Baseball was our life
From April till the World Series
Played behind a wall of three-deckers
A foundry’s barbed-wire fence marked foul territory
First base, the curb under a streetlight
Second a bump of erupting asphalt
The hot corner a large flat stone
Manhole cover 40 paces east of second was home
Too small to play I was the sewer’s sentry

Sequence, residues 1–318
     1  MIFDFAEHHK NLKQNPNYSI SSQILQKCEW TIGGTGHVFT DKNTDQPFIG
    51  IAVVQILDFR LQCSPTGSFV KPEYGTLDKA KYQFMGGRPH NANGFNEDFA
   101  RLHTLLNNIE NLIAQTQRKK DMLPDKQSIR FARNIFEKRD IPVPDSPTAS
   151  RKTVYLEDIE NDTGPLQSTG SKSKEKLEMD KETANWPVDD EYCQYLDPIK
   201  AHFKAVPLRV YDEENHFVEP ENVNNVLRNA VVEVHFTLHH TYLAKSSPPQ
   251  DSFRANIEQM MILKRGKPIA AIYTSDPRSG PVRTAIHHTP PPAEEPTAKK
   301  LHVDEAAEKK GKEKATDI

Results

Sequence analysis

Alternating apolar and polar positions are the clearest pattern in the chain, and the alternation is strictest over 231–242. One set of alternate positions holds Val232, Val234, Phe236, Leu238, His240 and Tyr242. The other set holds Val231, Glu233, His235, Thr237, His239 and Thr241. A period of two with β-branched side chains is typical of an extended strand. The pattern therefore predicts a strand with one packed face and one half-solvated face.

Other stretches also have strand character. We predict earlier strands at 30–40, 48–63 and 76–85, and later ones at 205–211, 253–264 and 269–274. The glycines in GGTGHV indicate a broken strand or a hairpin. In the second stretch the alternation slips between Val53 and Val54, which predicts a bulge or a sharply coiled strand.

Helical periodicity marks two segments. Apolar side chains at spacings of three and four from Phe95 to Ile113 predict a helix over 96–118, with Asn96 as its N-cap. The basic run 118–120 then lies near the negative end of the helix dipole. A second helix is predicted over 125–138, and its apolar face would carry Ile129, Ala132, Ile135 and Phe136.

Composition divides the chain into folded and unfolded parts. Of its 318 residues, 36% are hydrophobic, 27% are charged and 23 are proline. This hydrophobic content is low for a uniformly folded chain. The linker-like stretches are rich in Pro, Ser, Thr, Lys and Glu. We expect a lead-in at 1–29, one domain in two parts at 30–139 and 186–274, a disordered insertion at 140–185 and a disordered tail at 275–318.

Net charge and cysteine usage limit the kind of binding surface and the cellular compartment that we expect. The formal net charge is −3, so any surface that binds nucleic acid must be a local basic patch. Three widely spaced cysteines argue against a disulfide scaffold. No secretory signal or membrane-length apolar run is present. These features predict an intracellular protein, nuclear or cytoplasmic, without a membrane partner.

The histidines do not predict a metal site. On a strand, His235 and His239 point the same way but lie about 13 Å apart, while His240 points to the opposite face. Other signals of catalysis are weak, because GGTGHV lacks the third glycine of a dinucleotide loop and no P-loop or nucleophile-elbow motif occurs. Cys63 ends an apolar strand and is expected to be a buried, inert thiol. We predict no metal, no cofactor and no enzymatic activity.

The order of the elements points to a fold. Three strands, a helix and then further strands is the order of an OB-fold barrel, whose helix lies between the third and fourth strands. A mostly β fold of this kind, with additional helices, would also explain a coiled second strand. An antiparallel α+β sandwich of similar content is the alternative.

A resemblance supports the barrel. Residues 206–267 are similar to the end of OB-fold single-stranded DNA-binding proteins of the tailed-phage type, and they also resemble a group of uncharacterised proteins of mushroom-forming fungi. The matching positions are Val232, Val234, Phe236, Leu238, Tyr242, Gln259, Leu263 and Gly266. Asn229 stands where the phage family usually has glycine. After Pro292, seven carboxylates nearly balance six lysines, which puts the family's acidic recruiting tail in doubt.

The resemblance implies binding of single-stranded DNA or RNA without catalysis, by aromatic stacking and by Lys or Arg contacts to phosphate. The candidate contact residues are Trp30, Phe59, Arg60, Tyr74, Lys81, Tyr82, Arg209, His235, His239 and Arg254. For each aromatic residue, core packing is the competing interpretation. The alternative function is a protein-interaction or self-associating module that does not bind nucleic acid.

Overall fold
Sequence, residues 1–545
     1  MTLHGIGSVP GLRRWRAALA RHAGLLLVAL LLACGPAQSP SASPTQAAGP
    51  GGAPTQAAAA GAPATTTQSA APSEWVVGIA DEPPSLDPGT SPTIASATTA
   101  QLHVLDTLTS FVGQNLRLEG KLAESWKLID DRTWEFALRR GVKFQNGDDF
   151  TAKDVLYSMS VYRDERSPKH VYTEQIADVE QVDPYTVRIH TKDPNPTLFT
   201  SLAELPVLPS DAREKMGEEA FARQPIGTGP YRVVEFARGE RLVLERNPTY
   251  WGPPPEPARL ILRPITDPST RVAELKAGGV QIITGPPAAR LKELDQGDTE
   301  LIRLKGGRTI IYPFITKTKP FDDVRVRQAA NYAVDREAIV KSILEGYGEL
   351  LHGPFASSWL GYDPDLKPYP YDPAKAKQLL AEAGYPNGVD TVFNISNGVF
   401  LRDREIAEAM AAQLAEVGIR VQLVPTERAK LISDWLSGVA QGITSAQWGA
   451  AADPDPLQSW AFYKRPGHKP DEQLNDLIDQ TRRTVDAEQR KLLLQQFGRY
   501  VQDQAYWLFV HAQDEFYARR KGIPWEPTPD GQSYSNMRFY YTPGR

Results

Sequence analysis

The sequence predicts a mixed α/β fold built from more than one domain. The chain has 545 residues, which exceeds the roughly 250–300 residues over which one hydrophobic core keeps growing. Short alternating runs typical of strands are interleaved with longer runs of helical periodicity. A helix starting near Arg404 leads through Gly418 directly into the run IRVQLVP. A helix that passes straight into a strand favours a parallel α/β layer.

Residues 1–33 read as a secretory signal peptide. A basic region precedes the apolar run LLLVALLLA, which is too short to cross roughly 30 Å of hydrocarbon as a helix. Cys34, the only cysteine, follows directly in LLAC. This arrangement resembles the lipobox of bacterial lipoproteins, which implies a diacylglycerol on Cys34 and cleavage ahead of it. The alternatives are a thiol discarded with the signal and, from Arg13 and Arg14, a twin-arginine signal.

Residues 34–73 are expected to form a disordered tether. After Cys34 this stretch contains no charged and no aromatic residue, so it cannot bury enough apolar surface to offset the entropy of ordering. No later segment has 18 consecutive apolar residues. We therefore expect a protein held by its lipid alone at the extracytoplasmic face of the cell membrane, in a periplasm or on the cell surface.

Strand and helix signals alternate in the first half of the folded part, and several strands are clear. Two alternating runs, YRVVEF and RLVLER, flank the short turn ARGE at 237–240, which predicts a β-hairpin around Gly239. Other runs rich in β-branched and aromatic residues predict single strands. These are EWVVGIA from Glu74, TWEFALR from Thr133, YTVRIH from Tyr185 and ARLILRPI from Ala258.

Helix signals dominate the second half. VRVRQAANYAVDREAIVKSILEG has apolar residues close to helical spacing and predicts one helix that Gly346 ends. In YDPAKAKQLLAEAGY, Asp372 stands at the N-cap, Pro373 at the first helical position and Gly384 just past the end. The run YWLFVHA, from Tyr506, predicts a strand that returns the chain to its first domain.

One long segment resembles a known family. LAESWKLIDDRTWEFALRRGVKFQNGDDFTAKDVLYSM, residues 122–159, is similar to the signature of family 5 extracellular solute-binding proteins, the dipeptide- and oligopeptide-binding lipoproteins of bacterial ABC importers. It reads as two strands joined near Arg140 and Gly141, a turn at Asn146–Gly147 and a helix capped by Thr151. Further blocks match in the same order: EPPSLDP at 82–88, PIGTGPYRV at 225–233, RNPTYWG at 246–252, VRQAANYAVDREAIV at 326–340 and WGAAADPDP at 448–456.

One job, stop the ball from plopping down into the muck
I sat atop a river of waste
Despite bigger kids playing like Mantle and Mays
Sometimes, I drifted to happy faraway places
Eventually during one of those sweet moments a wild throw
Our ball determined to escape another inning of abuse
Raced toward me seeking the freedom of the slime below
Everyone in one voice screamed me to action
On my watch saving the ball was never certain
When I rose to the occasion
Every mouth shut for a moment
Relief felt by all
For this seven-year-old made the play of the day